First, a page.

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BROWSERSTACK_IDLE_TIMEOUT

Learn how to resolve the BROWSERSTACK_IDLE_TIMEOUT error.

Issue

When you run a test using BrowserStack Automate, the following error might appear on the Issues Detected tab on the Automate dashboard:

BROWSERSTACK_IDLE_TIMEOUT has occurred

Cause

In BrowserStack, a test session receives it, runs it, and expects another command to arrive. If a test session does not receive the next test command after running the earlier command, it waits for a maximum of 90 seconds, which is the default timeout duration.

If another command does not arrive at BrowserStack within the default timeout duration of 90 seconds, the session generates the BROWSERSTACK_IDLE_TIMEOUT error on the Automate dashboard.

After generating the error, the session stops and is marked as Timed Out on the Automate dashboard.

Why you must mitigate this issue

As an organization, optimizing your builds to run faster is crucial. BrowserStack understands this issue has a significant impact on the speed and stability of your test sessions.

We recommend resolving these issues to:

  • Ensure the test script works correctly by handing any possible exceptions if you’ve encountered this error due to unhandled exceptions.
  • Improve the build time of your parallel test session since a device gets free as soon as you terminate a test session in BrowserStack.

Resolution/Workaround

Try the following resolutions to resolve the BROWSERSTACK_IDLE_TIMEOUT error:

Add driver.quit command in test script

BrowserStack Selenium Grid, by default, does not know when your test scripts have completed running. Hence your test script must send information about test completion to the BrowserStack Selenium Grid. Add the following driver.quit command at the end of your test script, or in the after hook of your language framework, to let the BrowserStack Selenium Grid know about test completion.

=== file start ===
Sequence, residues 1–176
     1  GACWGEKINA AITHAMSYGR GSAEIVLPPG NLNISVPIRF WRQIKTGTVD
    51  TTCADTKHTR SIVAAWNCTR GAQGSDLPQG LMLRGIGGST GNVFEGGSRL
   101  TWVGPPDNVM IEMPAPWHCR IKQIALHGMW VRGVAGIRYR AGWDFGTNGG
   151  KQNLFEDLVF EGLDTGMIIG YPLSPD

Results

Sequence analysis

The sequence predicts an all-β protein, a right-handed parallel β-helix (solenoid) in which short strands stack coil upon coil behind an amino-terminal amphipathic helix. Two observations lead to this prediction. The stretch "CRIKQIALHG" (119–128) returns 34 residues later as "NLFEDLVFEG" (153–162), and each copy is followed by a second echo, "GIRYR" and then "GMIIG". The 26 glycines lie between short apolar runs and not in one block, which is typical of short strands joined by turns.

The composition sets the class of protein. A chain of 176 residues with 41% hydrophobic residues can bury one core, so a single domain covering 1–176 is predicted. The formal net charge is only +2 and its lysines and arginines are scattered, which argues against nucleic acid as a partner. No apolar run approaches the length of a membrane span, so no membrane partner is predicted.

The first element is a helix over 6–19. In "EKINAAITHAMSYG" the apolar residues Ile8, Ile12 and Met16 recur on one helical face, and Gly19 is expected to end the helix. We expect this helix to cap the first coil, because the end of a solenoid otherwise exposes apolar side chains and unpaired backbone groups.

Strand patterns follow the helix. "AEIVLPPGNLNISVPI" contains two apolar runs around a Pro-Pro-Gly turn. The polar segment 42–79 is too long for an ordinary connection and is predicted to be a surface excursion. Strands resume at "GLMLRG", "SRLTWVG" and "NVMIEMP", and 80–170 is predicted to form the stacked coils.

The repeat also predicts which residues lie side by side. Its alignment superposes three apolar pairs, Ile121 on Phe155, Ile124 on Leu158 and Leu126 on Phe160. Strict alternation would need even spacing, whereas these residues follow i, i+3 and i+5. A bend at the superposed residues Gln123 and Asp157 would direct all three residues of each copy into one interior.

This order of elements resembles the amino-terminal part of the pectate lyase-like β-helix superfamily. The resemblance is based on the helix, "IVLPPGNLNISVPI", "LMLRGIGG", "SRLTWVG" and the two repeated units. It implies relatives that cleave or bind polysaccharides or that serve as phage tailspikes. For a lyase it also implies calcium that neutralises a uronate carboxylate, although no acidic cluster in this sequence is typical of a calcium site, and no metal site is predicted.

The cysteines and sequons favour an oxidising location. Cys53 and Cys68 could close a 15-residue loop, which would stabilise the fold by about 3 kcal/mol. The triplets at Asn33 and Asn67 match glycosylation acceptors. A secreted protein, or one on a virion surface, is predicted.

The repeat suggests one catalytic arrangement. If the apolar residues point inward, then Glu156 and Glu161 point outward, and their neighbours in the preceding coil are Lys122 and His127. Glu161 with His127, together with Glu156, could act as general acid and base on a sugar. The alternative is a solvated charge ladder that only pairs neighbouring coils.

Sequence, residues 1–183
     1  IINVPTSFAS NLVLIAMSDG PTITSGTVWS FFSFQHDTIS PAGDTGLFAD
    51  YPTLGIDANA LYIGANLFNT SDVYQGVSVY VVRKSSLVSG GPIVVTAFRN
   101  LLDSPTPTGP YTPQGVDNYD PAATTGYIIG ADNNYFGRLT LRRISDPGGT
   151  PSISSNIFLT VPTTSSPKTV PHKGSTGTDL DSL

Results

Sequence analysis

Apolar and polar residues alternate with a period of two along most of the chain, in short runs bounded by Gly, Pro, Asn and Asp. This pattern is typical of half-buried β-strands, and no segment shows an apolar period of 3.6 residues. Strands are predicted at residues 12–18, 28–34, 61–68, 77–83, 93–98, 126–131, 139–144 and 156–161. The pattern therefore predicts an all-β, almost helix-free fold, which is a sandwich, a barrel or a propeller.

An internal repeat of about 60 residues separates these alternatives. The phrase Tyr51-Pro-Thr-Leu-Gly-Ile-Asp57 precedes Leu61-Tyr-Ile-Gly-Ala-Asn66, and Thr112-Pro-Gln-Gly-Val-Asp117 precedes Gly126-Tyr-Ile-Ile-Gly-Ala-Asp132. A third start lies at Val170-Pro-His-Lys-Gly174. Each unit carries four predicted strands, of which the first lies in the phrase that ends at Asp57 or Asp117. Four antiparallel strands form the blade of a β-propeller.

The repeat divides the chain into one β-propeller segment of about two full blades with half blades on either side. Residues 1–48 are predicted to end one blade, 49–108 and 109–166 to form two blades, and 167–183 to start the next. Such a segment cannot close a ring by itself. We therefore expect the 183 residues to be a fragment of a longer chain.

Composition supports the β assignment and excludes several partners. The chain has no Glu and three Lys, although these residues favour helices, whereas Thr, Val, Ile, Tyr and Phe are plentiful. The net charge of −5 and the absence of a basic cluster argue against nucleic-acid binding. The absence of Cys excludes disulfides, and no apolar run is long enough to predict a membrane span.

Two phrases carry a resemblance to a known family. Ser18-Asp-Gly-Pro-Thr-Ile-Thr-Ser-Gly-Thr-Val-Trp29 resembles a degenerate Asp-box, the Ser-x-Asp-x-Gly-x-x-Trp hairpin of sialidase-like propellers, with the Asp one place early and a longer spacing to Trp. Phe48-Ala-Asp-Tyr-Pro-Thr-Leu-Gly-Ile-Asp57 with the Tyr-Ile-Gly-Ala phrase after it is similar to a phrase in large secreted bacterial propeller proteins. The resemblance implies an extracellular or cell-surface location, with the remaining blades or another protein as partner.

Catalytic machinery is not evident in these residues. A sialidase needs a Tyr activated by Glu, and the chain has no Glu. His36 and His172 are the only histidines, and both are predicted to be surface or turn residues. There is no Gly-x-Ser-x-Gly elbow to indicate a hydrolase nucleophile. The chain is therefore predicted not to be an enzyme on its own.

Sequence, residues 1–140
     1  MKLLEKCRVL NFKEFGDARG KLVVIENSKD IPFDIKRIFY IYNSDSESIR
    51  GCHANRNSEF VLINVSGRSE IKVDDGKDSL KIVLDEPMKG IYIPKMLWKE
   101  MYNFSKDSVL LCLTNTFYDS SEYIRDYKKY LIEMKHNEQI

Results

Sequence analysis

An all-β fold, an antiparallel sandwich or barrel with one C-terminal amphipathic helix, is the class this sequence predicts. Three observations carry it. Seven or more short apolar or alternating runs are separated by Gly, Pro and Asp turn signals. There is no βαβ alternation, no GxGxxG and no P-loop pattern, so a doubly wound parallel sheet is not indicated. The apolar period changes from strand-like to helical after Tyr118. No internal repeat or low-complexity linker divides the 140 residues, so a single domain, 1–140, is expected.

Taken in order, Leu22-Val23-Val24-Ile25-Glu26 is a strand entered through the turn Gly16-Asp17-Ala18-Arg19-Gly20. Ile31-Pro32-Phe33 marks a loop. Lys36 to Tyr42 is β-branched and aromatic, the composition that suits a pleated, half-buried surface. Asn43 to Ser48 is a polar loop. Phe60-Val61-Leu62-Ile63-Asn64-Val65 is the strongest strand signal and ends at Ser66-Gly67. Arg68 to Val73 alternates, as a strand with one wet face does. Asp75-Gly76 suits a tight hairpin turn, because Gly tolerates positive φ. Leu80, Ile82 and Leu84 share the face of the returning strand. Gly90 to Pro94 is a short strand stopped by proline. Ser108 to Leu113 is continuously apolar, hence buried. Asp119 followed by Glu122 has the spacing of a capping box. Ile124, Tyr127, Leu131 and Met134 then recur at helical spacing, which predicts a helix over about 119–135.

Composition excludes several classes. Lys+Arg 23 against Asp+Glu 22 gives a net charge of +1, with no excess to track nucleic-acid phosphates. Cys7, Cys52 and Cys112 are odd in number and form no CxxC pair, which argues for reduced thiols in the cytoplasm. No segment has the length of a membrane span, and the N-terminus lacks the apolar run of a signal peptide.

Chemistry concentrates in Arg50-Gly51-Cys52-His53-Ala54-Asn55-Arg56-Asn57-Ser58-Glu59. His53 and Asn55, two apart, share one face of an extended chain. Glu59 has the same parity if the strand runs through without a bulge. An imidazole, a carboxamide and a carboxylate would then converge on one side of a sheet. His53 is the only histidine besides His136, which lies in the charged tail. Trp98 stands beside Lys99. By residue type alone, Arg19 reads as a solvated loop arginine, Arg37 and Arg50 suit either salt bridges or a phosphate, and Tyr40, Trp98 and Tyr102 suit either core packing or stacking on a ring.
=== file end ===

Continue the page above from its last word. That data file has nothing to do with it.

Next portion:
driver.quit();
driver.quit();
driver.Quit();
$driver->quit();
driver.quit()
driver.quit
$driver->quit();
Note: Sometimes, you might see the BROWSERSTACK_IDLE_TIMEOUT error even after adding driver.quit in your test script. In such a case, your test script might have encountered an unhandled exception. This exception prevents the test flow from reaching the driver.quit command, resulting in a timeout error. Check out the handle exceptions section to learn about exception handling.

Increase timeout duration

There are situations when a command of your test script performs tasks that are independent of BrowserStack. Such tasks may include making an API request, querying a database, etc. In such a case, if a task takes more than 90 seconds to complete, your test session in BrowserStack gives the BROWSERSTACK_IDLE_TIMEOUT error.

To avoid getting the BROWSERSTACK_IDLE_TIMEOUT error, you can increase the default idle timeout duration up to a maximum of 300 seconds using the browserstack.idleTimeout capability in a test script.

Use the following sample code snippets to set the browserstack.idleTimeout capability in your test script:

DesiredCapabilities caps = new DesiredCapabilities();

// set the timeout to a maximum of 300 seconds
caps.setCapability("browserstack.idleTimeout", "<time_in_seconds>");
var capabilities = {
  // set the timeout to a maximum of 300 seconds
 "browserstack.idleTimeout" : "<time_in_seconds>"
}
// For Chrome browser
OpenQA.Selenium.Chrome.ChromeOptions chromeCapability = new OpenQA.Selenium.Chrome.ChromeOptions();
// set the timeout to a maximum of 300 seconds
capability.AddAdditionalCapability("browserstack.idleTimeout", "<time_in_seconds>", true);

// For Edge browser
OpenQA.Selenium.Edge.EdgeOptions edgecapability = new OpenQA.Selenium.Edge.EdgeOptions();
// set the timeout to a maximum of 300 seconds
capability.AddAdditionalCapability("browserstack.idleTimeout", "<time_in_seconds>");

// For IE browser
OpenQA.Selenium.IE.InternetExplorerOptions ieCapability = new OpenQA.Selenium.IE.InternetExplorerOptions();
// set the timeout to a maximum of 300 seconds
capability.AddAdditionalCapability("browserstack.idleTimeout", "<time_in_seconds>", true);

// For Firefox browser